Every day in every way?


Do you use positive self-statements (affirmations)? You know, the ones like ‘I am a loveable person’?

Did you know that the research shows that it may not help at all?

Researchers (listed below) found that after saying positive self-statements people with low self-esteem actually felt worse. Ironic, as these people were meant to get the most out of them. For those with high self-esteem, though, there was a slight benefit.

To shed some light on this the same researchers did another study. They got those with low self-esteem to list only positive thoughts about themselves, yet it didn’t do much for their sense of well-being. On the other hand, if those same people were allowed to also list negatives, then interestingly, they fared better.


Why would this happen?

So what’s the problem? Haven’t we all been told we have to ‘be positive’ if we want to be happy? We have, but when you tell yourself that you are a loveable person, for instance, if this contradicts the way you really think of yourself, you're liable to feel this gap – and not feel so good.

So positive affirmations are fairly helpful - but only for those who already see themselves positively. For those who say things that deep down they really don’t agree with then it’s like telling themselves that they're an octopus or a carrot – their mind will struggle to accept this and as a result will rebel.

Does this also apply to Hypnotic Suggeston? Probably not, because hyponsis takes our mind into a more responsive state and a good, effective Suggestion is one that the person can believe in. For example, deep down every smoker knows that he/she can quit, and therefore telling him/her this won't lead to this internal conflict. (As every smoker realises, if you lock him/her in a room with nothing but food and water every day, he/she will be a non-smoker!)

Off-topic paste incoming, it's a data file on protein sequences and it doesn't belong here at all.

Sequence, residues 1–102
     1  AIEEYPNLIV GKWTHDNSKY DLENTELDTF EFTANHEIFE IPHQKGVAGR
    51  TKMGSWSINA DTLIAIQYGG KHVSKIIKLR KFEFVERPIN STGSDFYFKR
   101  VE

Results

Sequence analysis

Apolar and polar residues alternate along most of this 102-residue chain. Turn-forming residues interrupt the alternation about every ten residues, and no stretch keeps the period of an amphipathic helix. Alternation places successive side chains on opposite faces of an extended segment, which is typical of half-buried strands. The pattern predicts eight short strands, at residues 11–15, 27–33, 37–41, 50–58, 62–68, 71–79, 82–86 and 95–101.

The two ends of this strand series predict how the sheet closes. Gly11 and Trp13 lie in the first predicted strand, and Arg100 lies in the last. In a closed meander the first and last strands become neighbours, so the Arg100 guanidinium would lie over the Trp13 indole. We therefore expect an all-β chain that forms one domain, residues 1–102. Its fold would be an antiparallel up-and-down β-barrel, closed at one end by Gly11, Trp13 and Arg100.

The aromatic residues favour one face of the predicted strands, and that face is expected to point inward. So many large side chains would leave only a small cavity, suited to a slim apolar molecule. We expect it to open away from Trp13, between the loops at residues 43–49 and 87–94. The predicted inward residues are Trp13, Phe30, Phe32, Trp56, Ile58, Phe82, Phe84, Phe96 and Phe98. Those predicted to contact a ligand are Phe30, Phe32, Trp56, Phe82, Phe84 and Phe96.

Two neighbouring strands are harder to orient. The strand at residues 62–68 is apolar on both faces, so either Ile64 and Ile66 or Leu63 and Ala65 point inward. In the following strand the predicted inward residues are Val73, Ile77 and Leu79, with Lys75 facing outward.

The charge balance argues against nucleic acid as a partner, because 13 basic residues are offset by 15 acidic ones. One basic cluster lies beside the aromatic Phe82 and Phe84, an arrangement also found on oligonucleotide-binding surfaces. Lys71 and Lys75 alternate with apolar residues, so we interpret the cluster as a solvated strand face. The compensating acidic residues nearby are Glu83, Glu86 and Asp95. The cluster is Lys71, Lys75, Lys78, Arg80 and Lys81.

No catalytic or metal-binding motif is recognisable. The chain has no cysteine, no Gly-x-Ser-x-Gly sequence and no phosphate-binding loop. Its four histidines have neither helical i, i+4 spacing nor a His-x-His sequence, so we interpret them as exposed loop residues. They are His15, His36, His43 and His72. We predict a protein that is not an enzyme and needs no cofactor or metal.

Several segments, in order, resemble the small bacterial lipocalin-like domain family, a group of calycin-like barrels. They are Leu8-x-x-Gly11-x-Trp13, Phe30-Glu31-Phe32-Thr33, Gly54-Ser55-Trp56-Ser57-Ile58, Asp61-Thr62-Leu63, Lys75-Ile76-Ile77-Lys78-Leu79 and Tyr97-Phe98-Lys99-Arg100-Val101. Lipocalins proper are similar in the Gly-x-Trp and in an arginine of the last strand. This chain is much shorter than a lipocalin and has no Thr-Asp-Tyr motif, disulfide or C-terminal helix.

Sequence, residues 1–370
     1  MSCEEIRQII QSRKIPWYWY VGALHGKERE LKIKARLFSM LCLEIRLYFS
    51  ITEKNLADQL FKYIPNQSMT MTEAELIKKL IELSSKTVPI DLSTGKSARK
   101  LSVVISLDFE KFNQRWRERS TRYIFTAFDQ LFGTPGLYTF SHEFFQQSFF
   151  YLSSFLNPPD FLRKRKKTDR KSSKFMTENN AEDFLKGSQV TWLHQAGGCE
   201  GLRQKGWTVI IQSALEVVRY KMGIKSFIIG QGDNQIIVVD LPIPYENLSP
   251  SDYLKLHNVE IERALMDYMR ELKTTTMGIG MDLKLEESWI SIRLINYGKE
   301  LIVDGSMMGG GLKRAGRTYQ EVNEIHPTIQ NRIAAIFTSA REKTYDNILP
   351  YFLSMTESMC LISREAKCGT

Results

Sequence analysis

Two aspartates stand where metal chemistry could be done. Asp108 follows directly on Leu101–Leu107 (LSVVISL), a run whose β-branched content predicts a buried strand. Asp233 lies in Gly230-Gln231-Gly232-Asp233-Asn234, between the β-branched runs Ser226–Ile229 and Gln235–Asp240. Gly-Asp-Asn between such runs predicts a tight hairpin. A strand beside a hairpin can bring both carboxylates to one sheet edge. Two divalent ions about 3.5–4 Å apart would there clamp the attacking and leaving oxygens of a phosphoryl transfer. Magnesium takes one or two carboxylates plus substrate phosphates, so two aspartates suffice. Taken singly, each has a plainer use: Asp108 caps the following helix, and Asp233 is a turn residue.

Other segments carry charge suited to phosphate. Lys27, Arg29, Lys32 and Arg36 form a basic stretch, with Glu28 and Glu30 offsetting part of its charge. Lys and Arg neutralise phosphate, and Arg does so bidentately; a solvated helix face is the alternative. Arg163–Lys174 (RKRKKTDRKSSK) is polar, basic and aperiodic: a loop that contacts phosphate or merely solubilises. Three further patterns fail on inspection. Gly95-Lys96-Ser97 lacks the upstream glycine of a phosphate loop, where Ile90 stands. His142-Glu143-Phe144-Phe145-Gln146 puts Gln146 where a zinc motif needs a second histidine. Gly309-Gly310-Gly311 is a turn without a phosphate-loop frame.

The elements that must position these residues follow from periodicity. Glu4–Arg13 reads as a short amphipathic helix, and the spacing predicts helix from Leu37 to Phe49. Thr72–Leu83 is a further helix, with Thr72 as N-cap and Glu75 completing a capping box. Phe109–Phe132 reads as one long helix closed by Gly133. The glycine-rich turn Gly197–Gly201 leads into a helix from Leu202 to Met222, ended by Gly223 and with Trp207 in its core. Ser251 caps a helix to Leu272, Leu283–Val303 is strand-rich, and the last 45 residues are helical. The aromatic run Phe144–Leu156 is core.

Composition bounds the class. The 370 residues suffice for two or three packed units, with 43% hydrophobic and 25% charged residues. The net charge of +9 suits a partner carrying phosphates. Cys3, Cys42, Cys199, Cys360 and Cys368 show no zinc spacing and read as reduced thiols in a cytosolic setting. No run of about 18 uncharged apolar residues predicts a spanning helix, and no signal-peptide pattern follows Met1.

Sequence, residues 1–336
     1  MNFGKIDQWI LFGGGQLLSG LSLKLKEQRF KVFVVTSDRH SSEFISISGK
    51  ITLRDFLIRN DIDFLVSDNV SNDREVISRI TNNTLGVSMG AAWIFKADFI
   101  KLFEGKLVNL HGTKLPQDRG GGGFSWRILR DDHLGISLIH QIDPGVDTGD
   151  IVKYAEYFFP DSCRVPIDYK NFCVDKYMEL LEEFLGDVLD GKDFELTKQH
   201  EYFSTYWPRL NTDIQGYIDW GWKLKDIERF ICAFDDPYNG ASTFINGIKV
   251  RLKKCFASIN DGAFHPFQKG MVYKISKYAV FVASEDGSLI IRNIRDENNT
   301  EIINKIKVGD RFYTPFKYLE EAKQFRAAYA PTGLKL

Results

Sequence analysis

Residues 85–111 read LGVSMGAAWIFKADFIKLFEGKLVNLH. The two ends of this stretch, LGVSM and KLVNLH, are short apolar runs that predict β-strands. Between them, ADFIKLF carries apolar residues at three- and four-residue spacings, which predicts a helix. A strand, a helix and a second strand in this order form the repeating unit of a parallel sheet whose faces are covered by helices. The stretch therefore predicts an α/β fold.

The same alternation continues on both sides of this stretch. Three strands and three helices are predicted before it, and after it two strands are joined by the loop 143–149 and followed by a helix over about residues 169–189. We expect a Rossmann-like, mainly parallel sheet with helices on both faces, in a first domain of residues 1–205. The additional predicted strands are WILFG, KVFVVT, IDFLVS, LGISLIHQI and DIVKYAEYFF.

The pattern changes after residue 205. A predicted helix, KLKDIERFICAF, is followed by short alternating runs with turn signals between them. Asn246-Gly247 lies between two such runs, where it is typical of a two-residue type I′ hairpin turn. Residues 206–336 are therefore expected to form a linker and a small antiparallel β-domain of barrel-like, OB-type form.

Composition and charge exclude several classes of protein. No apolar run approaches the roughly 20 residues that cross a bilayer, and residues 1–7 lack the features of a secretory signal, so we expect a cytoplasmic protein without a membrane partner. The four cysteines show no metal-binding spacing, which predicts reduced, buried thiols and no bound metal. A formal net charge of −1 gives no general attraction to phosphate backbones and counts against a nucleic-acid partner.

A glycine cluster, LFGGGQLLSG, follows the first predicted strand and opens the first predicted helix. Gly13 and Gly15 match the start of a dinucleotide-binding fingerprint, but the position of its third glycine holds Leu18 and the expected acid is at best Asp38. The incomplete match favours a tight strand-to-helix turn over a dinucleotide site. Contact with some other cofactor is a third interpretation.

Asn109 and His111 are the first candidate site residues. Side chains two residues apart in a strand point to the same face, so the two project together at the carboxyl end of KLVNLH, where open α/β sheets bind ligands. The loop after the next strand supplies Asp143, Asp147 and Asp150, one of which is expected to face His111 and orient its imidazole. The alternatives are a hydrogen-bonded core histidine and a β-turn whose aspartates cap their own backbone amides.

So the research strongly suggests that we do better to find a more profound way to change our self-image than by using affirmations. There are plenty of ways of doing this, we can use Regression techniques, something called EFT, or one of a number of other options. Maybe worth checking out.


The Take-Away

If you really want to use affirmations then make sure you really have some belief in the statement you're going to use - or use something more profound. Good luck!

Researchers referred to above: Psychologists Joanne V. Wood and John W. Lee from the University of Waterloo, and W.Q. Elaine Perunovic from the University of New Brunswick.